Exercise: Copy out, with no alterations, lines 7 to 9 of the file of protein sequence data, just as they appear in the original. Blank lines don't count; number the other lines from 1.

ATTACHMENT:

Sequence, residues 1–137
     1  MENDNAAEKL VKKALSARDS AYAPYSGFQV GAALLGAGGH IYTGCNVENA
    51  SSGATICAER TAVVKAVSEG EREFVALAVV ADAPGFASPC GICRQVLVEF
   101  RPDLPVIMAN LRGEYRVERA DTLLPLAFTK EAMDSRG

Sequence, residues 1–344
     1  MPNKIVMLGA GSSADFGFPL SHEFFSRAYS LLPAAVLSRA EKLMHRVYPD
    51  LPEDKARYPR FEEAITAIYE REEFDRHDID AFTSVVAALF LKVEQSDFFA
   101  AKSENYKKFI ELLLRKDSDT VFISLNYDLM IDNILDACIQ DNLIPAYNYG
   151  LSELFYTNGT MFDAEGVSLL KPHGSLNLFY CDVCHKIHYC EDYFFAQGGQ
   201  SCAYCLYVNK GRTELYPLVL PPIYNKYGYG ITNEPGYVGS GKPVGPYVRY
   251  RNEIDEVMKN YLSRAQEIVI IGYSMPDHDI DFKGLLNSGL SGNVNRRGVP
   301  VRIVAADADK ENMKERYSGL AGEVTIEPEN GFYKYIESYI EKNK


    51  LPEDKARYPR FEEAITAIYE REEFDRHDID AFTSVVAALF LKVEQSDFFA
   101  AKSENYKKFI ELLLRKDSDT VFISLNYDLM IDNILDACIQ DNLIPAYNYG
   151  LSELFYTNGT MFDAEGVSLL KPHGSLNLFY CDVCHKIHYC EDYFFAQGGQ